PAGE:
And it is hysterical. Awesome. Wonderful.
And I'm at a loss over whether or not I'd categorize it as a feminist (or even feminist-friendly) film.
It doesn't pass the Bechdel Test.
But it does have two complex, three-dimensional, flawed and amazing women characters. Who talk to each other. And genuinely seem to like one another. And who, as odd as it may seem, respect each other.
Their relationship is built upon a false premise, namely that Ingrid Bergman is the wife of Walter Matthau, who keeps Goldie Hawn as a girlfriend/mistress.
That relationship turns out to be less tangible than the other relationships in the film, like the romantic ones. And yet, that isn't enough to make it patently not feminist. Passing the Bechdel Test would be nice, and far too many movies fail.
The movie has a lot of what would be considered cliches now (I'm not sure if they were or not in 1969 when the movie premiered). Walter Matthau doesn't recognize how he feels for Ingrid Bergman until she undergoes a Miraculous Transformation, physically, and is out with other men having a good time and reneging on her staid persona. Goldie Hawn inadvertently helps fan the flames of romance between her lover/fiance and his fake wife by sending her a mink stole and arranging for Matthau to take Bergman home. Goldie Hawn only recognizes her feelings for her (guy) neighbor when he flirts and dances with Ingrid Bergman. It contains the same old tripe about how all women want to get married, all men don't, and all men lie to get women. Oh, and perhaps the worst one of all, where a totally awesome woman ends up with a schmuck, because she loves him and knows there's more to him than meets the eye - even though his last relationship only ended because the woman told his lover that he was lying liar who lies and who still couldn't come clean in the end about what a douche he'd been to everyone involved in their little saga.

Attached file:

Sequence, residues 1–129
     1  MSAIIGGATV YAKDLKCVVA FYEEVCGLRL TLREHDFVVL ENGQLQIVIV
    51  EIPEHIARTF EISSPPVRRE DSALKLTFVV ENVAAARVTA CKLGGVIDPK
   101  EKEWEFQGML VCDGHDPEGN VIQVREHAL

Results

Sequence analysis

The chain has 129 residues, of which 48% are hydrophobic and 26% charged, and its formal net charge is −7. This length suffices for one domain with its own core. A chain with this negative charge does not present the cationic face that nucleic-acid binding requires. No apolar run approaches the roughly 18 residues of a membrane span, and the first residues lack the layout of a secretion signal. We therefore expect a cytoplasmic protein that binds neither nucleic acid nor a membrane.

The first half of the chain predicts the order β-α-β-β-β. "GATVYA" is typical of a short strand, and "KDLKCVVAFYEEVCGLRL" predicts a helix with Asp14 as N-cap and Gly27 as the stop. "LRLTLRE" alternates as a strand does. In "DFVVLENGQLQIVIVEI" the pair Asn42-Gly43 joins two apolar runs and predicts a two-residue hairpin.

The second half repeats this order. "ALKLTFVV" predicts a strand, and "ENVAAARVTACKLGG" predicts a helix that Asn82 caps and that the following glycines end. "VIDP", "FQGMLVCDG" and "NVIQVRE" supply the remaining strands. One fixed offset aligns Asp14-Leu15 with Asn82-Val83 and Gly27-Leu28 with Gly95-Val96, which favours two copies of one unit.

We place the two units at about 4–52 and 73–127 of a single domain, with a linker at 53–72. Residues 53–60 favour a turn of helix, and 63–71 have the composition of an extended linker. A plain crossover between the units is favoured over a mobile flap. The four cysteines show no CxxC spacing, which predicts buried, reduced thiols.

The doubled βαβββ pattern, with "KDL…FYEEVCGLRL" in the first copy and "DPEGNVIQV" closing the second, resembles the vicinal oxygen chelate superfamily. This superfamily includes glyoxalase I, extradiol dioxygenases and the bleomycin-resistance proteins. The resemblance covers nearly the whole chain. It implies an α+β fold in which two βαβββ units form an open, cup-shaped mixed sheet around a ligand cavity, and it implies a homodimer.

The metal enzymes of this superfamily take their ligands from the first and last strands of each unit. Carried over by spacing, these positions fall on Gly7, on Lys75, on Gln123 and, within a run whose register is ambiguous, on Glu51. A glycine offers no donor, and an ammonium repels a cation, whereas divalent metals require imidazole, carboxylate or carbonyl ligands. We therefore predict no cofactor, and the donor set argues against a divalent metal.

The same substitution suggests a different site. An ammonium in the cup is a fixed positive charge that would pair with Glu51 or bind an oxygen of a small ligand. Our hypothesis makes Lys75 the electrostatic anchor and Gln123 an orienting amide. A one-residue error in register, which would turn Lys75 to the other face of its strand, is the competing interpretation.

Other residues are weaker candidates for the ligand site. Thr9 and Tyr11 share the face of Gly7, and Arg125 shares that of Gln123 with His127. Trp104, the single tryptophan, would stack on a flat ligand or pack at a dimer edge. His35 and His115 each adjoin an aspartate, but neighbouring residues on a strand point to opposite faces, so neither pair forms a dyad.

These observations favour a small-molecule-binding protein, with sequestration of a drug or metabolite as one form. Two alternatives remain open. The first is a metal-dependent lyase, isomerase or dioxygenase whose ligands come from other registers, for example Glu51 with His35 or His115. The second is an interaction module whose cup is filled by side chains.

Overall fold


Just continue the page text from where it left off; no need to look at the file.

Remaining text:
Something like that has, lately, been enough to make me throw my hands up in disgust and write the movie off as nothing worth my time - and could I please have the hours I spent watching 27 Dresses and Made of Honor back?
But there's still something about it that seems fresh, and yet vaguely Shakespearean. It could be that Ingrid Bergman can really act. It could be that Goldie Hawn really is incredibly adorable. It could be that Walter Matthau is a bit of an idiot and doesn't seem to recognize that Goldie would probably be happiest if he would just show up when he said he would for their dates, and doesn't, actually, need a proposal. Who knows, it could be just the Monkees music without the lyrics. But I think it is the strong women. I think it comes down to the writing making damn sure we know there is more to Toni Simmons (Goldie Hawn) than just a blonde who is willing to sleep with a married man. It makes sure we know that Stephanie Dickinson (Ingrid Bergman) deserves to be respected. And because it acknowledges the craziness of life in a well-written way. When Toni offers, "A man who lies cannot love", Stephanie shoots back, "That sounds like something out of a fortune cookie". And a movie that is well-written, that is wittily written, deserves to be watched.